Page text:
Indigenous communities fight Irish coal mining co. over ancestral landsPublished by MAC on 2005-03-27
Indigenous communities fight Irish coal mining co. over ancestral lands
March 27, 2005
By Patrick J. O'Donoghue
Venezuelan Wayuu and Bari indigenous from the Cachiri communities (Zulia State) have set up pickets outside the offices of the Irish Cano Seco Coal company offices in North Maracaibo's Uni Centro Virginia.
The company is mining coal on what the protesters consider ancestral lands. Brandishing placards saying No to Coal! and Go Home Transnationals!, protesters say they are prepared to fight to defend their lands like their forefathers did.
Cano Seco currently possesses concessions in 5,782 hectares of land in the Perija mountain range.
Environmentalists and indigenous leaders insist they will hold company representative, Irishman Brendan Hynes responsible for anything that happens to ethnic groups living in the Socuy area warning that the Wayuu vengeance code would be employed as a deterrent.
Homo et natura environmentalist, Lusbi Portillo accuses Hynes of threatening to use the National Guard (GN) to force entry into Socuy, if the Wayuu continue to deny access to company employees.
Environmentalists, Wayuu, Bari and Yukpa indians have announced a march in Caracas on March 31 to ask President Hugo Chavez Frias to wrest concessions from the transnational coal companies that want to ravage the Perija mountain range.
Wayuu indian, Jorge Montiel says the demonstration will show whether the President "prefers us or the transnationals."
Venezuela's Indigenous Protest Against Coal Mining in their Lands
By Sarah Wagner - Venezuelanalysis.com
Apr 01, 2005
Caracas, Venezuela - Yesterday over six hundred Venezuelan indigenous people of the Wayú, Barí, and Yukpa ethnicities marched from the Plaza Morelos to the Presidential Palace of Miraflores in Caracas, protesting coal exploitation in the western state of Zulia. Alongside the indigenous people, civil society groups, political organizations, ecological and environment agencies and NGOs of the region walked the two miles to hand deliver a letter of protest to Venezuelan President Hugo Chávez.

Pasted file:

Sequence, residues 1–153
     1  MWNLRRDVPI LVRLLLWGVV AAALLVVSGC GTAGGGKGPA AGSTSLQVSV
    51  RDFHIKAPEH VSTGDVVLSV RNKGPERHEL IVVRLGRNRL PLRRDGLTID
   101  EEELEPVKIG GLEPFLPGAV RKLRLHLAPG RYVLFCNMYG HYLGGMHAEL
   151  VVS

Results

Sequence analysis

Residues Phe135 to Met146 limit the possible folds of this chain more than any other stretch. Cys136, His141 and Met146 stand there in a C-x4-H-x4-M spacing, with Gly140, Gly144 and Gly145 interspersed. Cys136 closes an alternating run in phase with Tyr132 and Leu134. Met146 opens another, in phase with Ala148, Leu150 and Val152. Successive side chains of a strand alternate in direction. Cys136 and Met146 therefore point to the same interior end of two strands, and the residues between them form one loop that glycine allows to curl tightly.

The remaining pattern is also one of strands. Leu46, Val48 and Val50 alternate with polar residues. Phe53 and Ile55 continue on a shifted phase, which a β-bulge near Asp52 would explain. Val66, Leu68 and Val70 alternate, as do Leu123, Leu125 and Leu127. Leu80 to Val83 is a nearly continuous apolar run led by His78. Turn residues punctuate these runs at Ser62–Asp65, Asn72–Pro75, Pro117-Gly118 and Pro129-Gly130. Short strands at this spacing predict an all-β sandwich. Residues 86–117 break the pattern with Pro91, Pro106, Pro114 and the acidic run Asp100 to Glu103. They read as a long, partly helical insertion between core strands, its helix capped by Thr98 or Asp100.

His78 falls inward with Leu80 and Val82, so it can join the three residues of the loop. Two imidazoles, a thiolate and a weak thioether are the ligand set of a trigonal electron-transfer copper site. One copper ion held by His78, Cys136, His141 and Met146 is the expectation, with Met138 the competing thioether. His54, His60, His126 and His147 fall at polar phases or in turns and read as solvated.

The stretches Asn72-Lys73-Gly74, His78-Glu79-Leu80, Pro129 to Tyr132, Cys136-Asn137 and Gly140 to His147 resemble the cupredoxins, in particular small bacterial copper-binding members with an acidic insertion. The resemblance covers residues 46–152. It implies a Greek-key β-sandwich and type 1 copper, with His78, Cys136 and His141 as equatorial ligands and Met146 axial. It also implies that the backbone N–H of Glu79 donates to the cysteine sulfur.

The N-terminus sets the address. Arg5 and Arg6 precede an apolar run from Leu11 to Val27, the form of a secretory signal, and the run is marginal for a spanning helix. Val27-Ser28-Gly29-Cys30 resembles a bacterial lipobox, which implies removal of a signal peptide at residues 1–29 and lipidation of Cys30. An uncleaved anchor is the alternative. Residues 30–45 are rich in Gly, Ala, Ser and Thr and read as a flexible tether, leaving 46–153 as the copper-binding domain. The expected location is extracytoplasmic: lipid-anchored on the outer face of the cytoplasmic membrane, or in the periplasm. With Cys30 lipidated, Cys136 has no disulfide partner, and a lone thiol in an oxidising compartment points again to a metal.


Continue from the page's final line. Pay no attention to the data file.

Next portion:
Alvaro Acontacai, a representatative for the Barí ethnicity, explained that the letter protests coal mining in the Sierra de Perijá, the most northern chain of Andes mountains, charging that mining of the mineral is harmful both to the environment and to the people.
The letter details the number of workers in coal businesses Carbones de Guasare and Carbones del la Guajira who have come down with work-related illnesses. It explains that coal mining has not only displaced indigenous populations from their homes but also Zulia residents due to the contamination of the Catatumbo and Zulia rivers, preventing the five million citizens of Zulia from attaining daily access to water. Destroying the water supply not only harms the environment, the letter states, but also prevents the cultivation of crops and the raising of livestock.
It also made note of the constant stream of vehicular accidents along the routes used to transport the coal, from the mines to the loading docks along the shores of Lake Maracibo. According to Acontacai, the main arteries leading in and out of Maracaibo, as well as the adjoining towns of Santa Cruz de Mara, El Bajo de San Francisco, La Ceiba and La Cañada de Urdabeta, are filled with dust and pieces of coal.
Venezuela's 29 Indigenous tribes won a series of long and hard fought battles with the approval of the country's new Constitution in 2000. This is the first Venezuelan Constitution to guarantee its indigenous populations bicultural and bilingual education, healthcare that incorporates traditional medicine and legal space to fight for ancestral lands, among other political, social, cultural and economic rights.
In fact, Article 120 of the Constitution states that exploitation of any natural resource must respect the above mentioned rights and is "subject to prior information and consultation with the native communities concerned."
Also, Venezuela's indigenous peoples have three indigenous representatives in the National Assembly, who belong to the coalition of parties that support President Chavez.
Yet as multi-million dollar development projects attempt to extract coal from the region advance, Venezuela's 314,000 indigenous people, who make up 1% of the population, insist that social rights must weigh more than economic profits.
Some of the demonstrators accused the Chavez government of allowing neoliberal practices in the explotation of coal, by allowing multinational corporations -which they accuse of contamining the environment- to operate freely.
31 de Marzo de 2005
Más de 600 representantes indígenas de las etnias Wayúu, Barí y Yukpa marcharon este jueves desde la plaza Morelos hasta el Palacio de Miraflores, en protesta por la explotación del carbón en la Sierra de Perijá, estado Zulia.